Nevada Legislature Clarifies Defamation Privilege for Open Meeting Law
AB 253 was recently passed, which makes several amendments to Nevada’s Open Meeting Law (NRS Chapter 241). While the majority of the changes involve allowing public bodies to use remote technology systems (such as Zoom) to conduct their meetings, there was one important clarification to the law regarding absolute versus qualified privilege regarding false and defamatory statements made at meetings.
NRS 241.0353 previously provided that “A witness who is testifying before a public body is absolutely privileged to publish defamatory matter as part of the public meeting, except that it is unlawful to misrepresent any fact knowingly when testifying before a public body.”
The statute was contradictory, because it first provided for an absolute privilege to make defamatory statements during a public meeting, but then made it unlawful for someone to make false statements during the meeting. “Defamation,” by its very nature, is a false and defamatory statement of fact made by someone about another to a third party. See Pope v. Motel 6, 121 Nev. 307, 315, 114 P.3d 277, 282 (2005). So, the former version of the law essentially allowed in one breath what it prohibited in the next. If the privilege was truly absolute, the law would have allowed for a witness to knowingly make false statements with no repercussions.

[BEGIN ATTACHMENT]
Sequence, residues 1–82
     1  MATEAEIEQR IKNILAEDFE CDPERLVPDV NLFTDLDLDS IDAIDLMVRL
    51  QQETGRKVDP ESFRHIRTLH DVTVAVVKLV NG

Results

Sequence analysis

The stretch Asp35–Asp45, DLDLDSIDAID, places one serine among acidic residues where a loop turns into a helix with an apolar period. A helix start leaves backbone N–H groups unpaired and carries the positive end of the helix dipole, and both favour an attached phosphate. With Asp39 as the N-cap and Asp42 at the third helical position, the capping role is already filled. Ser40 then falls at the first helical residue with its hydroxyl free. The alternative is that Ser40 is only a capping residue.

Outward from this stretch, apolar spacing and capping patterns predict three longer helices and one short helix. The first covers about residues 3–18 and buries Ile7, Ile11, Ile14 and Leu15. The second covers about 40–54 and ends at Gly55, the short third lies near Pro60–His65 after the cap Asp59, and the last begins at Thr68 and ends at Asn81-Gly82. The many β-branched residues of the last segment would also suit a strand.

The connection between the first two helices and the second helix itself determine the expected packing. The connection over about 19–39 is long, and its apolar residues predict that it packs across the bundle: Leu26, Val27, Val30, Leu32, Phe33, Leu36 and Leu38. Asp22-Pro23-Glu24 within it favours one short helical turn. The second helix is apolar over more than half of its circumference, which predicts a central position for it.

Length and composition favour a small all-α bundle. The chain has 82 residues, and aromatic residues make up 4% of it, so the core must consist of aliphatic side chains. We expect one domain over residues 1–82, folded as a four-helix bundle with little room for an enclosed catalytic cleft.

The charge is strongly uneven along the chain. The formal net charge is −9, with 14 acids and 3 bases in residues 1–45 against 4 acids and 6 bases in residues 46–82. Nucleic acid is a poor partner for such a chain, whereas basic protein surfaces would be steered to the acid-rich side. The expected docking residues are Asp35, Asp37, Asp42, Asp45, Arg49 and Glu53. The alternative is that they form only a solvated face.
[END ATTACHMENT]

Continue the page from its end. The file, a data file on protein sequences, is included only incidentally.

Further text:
NRS 241.0353 has now been amended to provide a qualified privilege for defamatory statements: “Subject to a qualified privilege, a witness who is testifying before a public body may publish defamatory matter as part of the public meeting. It is unlawful to misrepresent any fact knowingly when testifying before a public body.” NRS 241.0353 (May 31, 2021).
Under Nevada law, “[a] qualified or conditional privilege exists where a defamatory statement is made in good faith on any subject matter in which the person communicating has an interest, or in reference to which he has a right or a duty, if it is made to a person with a corresponding interest or duty.” Circus Circus Hotels, Inc. v. Witherspoon, 99 Nev. 56, 657 P.2d 101, 105 (1983).
As the legislative history for AB 253 indicates, the change “is intended to clarify the same actual effect of the law as it is today.”
If you have questions regarding Nevada’s Open Meeting Law or defamation and privileges, we invite you to contact an attorney at Lemons, Grundy & Eisenberg to see if we can assist you.